Third suicide from new Manhattan tourist attraction

A 21-year-old man killed himself Monday by jumping from the top of a New York City structure known as the Vessel, the third suicide at Manhattan’s newest landmark.


The latest suicide was a man who was wanted in San Antonio, Texas, for killing his mother, it was reported on Tuesday. Other than his name, Franklin Washington, no further details were released.

The sordid nature of this death doesn’t change the tragedy of the first two suicides from the structure.

On December 22, a Brooklyn woman jumped to her death from the West 33rd Street tourist attraction after writing a note to be posted on social media the day after her suicide.

“If you’re reading this, I’m gone,” Yocheved Gourarie, 24, wrote in the post. “I hope you can find some comfort in knowing I am no longer in pain.”

Yocheved had suffered from anorexia and depression since she was 12 years old.

Second suicide at Vessel
Yocheved Gourarie

The first suicide from the Hudson Yards structure was a 19-year-old former high-school rugby star who jumped last February.

Peter DeSalvo, a Sacred Heart University freshman from Basking Ridge, NJ, was described by his coach as a “tough kid, not afraid of anything” and the most unlikely person to commit suicide.

The teen was by himself when he climbed on a railing and jumped from the sixth floor of the structure.

He left no note and his family said they had no idea why he killed himself.

First suicide from Vessel
Peter De Salvo

The $200-million honeycomb-like tourist attraction opened in March 2019. It rises 16 stories and has 154 flights of stairs, 2,500 steps, and 80 landings for visitors to view the city. Disabled people objected to it for not being wheelchair-accessible.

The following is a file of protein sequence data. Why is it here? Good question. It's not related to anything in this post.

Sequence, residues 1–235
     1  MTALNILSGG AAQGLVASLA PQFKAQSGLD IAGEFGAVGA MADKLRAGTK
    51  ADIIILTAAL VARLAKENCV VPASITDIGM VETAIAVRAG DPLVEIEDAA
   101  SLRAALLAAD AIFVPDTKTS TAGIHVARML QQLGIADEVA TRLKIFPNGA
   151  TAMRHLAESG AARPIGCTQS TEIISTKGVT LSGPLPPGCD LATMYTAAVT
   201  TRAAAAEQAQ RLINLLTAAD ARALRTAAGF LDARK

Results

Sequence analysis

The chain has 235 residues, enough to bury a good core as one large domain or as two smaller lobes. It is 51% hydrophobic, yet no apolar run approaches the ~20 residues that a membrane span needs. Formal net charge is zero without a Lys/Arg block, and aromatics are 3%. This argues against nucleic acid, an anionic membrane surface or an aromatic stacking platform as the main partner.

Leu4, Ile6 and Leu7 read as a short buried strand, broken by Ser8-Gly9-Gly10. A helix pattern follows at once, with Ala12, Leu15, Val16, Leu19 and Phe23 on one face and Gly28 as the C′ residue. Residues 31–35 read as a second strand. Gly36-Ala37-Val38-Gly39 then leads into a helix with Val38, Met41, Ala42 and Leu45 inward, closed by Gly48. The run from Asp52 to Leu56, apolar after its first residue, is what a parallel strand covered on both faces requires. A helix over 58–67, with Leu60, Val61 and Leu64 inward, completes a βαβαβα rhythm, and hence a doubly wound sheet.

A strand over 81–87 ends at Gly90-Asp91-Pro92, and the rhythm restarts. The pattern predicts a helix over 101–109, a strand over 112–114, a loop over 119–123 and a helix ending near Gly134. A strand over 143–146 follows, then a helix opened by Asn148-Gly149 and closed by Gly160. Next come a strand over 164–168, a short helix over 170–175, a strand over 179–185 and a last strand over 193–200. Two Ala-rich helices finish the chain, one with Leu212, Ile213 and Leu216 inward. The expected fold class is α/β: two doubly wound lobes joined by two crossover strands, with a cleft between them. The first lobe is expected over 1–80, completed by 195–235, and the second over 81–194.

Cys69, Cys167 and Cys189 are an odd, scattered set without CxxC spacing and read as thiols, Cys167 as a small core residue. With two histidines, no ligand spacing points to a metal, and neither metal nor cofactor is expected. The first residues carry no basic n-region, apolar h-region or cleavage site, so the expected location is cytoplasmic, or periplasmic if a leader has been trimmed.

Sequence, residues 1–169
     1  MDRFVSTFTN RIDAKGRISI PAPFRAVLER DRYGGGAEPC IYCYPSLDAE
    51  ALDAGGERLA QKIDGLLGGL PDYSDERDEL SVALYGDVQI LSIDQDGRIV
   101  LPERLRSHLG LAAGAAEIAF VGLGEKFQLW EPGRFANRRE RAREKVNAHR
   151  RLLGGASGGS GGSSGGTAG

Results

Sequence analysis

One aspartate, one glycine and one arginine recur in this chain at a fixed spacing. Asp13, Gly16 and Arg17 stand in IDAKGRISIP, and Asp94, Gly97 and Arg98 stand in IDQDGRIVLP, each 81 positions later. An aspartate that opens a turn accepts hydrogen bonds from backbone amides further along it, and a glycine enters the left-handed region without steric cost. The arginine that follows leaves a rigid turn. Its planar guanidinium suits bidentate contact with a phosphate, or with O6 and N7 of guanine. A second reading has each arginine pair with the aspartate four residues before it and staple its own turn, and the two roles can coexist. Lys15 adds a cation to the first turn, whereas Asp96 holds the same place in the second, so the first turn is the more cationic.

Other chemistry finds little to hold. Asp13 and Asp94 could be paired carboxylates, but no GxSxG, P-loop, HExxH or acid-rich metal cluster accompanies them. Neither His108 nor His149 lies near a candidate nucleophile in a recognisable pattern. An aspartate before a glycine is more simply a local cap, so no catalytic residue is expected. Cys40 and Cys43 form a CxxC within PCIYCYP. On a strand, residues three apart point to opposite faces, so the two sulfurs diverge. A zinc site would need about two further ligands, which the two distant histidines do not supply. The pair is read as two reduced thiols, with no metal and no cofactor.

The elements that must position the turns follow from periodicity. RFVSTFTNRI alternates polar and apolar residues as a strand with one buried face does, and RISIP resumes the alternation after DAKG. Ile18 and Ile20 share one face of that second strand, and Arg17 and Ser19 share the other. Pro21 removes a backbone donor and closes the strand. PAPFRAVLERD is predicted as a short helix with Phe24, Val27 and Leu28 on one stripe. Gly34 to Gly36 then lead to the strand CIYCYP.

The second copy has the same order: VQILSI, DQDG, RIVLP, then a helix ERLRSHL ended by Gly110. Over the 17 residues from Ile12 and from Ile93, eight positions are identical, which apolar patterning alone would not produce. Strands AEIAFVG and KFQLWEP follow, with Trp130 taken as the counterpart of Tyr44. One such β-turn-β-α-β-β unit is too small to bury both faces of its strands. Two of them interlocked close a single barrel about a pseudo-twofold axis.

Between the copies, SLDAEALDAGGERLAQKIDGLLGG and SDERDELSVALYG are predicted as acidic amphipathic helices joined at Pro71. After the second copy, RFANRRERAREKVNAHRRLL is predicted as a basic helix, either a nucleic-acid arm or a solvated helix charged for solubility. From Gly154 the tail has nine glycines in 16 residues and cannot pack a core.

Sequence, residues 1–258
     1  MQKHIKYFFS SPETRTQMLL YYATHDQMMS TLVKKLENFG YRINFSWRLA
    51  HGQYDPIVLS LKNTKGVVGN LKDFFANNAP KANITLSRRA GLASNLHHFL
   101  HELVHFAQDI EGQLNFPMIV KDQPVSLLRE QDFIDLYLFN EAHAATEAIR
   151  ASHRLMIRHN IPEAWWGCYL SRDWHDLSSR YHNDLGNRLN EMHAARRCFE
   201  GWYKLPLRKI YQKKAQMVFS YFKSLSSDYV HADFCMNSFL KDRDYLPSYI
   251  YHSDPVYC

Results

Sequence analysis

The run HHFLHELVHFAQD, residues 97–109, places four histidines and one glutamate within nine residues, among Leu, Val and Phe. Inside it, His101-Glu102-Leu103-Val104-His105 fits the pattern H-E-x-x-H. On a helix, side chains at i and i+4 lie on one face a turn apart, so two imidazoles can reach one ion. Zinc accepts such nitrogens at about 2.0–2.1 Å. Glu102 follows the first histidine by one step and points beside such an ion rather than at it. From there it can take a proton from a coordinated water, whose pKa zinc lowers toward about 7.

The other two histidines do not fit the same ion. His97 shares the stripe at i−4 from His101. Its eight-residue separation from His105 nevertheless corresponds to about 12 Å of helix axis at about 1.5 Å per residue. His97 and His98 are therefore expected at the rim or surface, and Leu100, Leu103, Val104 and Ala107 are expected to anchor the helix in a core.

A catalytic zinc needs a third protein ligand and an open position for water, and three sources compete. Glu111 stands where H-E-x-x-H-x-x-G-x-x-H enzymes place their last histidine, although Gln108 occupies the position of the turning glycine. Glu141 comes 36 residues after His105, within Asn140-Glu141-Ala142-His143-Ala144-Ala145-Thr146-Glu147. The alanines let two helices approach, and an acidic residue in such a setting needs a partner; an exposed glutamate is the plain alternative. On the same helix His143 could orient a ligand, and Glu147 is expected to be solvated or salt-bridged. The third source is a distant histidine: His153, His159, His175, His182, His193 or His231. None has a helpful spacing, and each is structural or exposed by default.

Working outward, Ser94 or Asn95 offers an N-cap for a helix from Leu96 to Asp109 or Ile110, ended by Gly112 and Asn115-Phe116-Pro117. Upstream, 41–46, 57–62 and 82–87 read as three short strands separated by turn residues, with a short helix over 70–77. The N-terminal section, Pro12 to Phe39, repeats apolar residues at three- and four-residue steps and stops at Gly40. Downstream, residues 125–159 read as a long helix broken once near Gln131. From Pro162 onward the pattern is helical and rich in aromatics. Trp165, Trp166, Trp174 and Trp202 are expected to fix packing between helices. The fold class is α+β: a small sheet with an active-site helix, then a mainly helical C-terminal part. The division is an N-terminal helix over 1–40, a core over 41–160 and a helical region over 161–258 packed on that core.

Critics have described it as a monstrosity and an eyesore. Now, many are calling it a destination for death.

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2,500 steps to death

A young woman climbed 2,500 steps to the top of the ‘Stairway to Nowhere’ and jumped to her death.

Yocheved Gourarie, 24, of Brooklyn suffered from anorexia and depression since she was 12 years old. Her body was found this week at the bottom of the 16-story tourist attraction The Vessel on Manhattan’s west side.


Before taking the subway from her home in Crown Heights into Manhattan, Yocheved wrote a suicide note to family and friends that she arranged to be posted on Instagram the day after her death.

“Anorexia continues to plague me, I hope you can find some comfort in knowing I am no longer in pain. I love you.”

Anorexia, a psychological fear of gaining weight that results in a dangerously low body weight, kills more than 2.4 million people every year in the United States.


Yocheved, who had a bachelor’s degree in psychology and neuroscience, said she “spent years hiding my truth from the world, save for a select few family members and friends, and still more years in complete silence, certain that I was doomed to live out my days trapped in hell.”

She credited the National Eating Disorders Association — — for helping her cope with the disease, and spent two months at the Center for Change in Utah, a residential treatment facility for women, calling it a wonderful experience.

But in the end, the only way to free herself from the pain was at the top of the stairway to nowhere.

2500 steps to death

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